Support volunteers needed for sexual assault treatment unit

Galway Rape Crisis Centre is seeking psychological support staff to work in the sexual assault treatment unit (SATU ) in the city. The facility, one of the few in the country, opened in 2009 following a 20 year campaign by the GRCC.

This unit offers co-ordinated multidisciplinary services which are provided by the Gardai, health professionals and GRCC to people in the immediate aftermath of a sexual assault or rape. GRCC provide vital psychological support to the SATU unit’s clients.

The female volunteers being sought will receive comprehensive training over six weekends and two evenings from the GRCC. They are on call for three shifts a month and respond to call-outs as appropriate. The closing date for receipt of applications is Monday, September 19 at 10 am.

They will be part of a team of volunteers who receive "excellent support and supervision" ensuring best practice standards, according to the organisation which has been supporting survivors of sexual abuse and rape since 1984.

It outlines that research has shown the "tremendous" difference that emotional support makes to survivors in the immediate aftermath of trauma.

Bernadette Daly, the Sexual Assault Treatment Unit services' manager with the GRCC, says the volunteers are being recruited as part of a annual drive.

"These psychological support workers are advocates for persons within the unit, someone who is there for them alone. We provide specialised training for them involving a 70 hours training programme."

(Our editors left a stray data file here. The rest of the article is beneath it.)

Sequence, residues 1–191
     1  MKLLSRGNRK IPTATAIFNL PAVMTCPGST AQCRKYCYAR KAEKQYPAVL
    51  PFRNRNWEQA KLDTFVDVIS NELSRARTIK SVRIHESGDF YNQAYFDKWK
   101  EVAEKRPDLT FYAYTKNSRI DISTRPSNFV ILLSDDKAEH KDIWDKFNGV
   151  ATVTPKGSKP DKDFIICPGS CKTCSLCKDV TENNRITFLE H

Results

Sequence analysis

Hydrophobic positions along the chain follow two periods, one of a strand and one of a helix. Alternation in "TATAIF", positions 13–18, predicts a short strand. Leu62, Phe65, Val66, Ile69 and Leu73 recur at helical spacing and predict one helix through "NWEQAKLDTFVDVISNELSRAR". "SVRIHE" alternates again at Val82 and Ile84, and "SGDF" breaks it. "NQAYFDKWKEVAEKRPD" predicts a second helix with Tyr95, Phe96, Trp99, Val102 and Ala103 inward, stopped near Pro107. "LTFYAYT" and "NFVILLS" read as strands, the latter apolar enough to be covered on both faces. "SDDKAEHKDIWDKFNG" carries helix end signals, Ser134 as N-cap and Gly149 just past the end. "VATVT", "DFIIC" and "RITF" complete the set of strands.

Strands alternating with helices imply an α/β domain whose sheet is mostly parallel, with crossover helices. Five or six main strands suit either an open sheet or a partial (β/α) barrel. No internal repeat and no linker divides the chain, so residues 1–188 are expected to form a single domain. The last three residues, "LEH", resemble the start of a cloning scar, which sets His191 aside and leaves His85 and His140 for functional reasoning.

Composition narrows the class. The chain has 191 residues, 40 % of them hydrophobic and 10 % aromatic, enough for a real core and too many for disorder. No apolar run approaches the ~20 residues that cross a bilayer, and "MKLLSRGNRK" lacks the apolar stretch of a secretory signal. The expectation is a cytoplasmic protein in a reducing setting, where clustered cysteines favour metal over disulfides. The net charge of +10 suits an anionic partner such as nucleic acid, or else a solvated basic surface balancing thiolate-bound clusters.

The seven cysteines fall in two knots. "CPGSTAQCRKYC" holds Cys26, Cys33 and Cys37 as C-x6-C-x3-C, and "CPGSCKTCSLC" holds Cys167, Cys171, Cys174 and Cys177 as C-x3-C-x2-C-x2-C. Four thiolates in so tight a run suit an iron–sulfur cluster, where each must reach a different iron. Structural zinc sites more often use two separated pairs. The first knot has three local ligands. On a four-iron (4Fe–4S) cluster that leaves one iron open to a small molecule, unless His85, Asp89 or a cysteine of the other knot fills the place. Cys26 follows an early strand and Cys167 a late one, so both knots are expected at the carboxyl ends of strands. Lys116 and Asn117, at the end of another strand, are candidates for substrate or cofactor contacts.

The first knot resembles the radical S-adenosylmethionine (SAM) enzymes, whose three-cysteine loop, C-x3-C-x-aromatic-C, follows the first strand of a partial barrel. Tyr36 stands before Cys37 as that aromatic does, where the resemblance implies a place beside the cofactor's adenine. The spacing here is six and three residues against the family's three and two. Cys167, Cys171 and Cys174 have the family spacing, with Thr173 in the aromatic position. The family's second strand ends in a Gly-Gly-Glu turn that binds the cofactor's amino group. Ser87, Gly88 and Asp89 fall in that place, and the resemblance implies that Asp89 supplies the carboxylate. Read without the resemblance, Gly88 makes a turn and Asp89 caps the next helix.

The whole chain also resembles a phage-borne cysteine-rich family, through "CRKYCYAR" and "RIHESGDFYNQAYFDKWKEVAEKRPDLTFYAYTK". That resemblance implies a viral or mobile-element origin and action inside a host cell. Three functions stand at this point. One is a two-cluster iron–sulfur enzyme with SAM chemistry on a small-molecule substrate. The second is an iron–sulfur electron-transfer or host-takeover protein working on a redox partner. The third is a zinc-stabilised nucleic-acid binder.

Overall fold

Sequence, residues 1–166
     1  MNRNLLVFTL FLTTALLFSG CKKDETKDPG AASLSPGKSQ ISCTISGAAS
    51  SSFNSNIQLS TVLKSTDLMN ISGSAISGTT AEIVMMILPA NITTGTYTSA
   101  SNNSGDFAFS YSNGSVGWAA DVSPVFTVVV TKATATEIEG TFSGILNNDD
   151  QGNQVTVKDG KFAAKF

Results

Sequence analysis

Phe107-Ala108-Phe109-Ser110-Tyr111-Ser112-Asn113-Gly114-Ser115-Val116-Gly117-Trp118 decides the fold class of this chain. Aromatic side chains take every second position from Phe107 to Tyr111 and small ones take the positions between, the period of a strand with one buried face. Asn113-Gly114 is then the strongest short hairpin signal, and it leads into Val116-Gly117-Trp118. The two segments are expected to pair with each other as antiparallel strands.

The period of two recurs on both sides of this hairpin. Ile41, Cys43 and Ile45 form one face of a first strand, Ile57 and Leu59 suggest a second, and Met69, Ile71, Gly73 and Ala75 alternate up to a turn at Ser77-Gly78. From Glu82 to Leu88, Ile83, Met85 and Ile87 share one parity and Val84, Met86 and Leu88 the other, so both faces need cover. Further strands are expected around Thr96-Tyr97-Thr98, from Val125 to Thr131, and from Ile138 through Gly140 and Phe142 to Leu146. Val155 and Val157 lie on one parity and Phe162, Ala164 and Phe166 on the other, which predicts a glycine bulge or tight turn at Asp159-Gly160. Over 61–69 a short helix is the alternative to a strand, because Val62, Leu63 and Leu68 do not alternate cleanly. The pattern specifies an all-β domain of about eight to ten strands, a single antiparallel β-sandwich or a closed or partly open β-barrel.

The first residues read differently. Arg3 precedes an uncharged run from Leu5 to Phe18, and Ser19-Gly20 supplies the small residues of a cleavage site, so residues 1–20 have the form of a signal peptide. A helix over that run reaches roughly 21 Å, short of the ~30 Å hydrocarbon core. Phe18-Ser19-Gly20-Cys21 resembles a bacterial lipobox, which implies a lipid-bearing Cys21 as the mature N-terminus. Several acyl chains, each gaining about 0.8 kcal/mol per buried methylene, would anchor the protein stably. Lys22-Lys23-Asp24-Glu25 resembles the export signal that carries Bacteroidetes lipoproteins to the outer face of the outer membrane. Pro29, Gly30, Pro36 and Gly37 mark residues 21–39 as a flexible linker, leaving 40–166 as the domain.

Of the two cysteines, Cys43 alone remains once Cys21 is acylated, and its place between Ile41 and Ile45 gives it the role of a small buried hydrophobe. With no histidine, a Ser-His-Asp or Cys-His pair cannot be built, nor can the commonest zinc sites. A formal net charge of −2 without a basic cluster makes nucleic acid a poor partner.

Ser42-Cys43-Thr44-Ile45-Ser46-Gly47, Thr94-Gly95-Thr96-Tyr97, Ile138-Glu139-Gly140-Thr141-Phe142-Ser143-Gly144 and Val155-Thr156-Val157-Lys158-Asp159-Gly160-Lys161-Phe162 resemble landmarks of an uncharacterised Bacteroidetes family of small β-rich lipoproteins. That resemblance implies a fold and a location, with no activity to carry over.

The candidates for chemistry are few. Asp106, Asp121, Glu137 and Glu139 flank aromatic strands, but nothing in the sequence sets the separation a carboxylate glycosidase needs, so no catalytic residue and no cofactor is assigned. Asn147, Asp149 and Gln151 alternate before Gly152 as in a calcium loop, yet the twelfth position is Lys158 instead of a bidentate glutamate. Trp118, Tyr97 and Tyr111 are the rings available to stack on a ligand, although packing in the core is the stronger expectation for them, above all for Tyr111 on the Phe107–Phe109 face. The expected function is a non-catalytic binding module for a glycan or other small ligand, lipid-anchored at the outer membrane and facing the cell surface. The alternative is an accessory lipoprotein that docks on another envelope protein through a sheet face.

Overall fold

Volunteers can be of all ages, according to Ms Daly. "There is no age restriction, what we are seeking is people with some maturity."

These volunteer support workers provide much needed emotional and psychological support to people in the immediate aftermath of a sexual assault/rape.

The positions are not counselling roles - the volunteers will provide crucial psychological support preventing or limiting dissociation and re-traumatisation.

GRCC offers a range of services to its clients that include short and long term counselling, court accompaniment, group sessions, and advocacy services.

Its services to the wider community include an education and prevention programme in secondary schools and third level colleges as well as disclosure trainings for anyone who, in a professional or volunteering capacity, is likely to receive disclosures of sexual violence or abuse.

If you are interested in making a difference in your community and would like further information on becoming a sexual assault treatment unit support worker log on to for a comprehensive information pack and application form.



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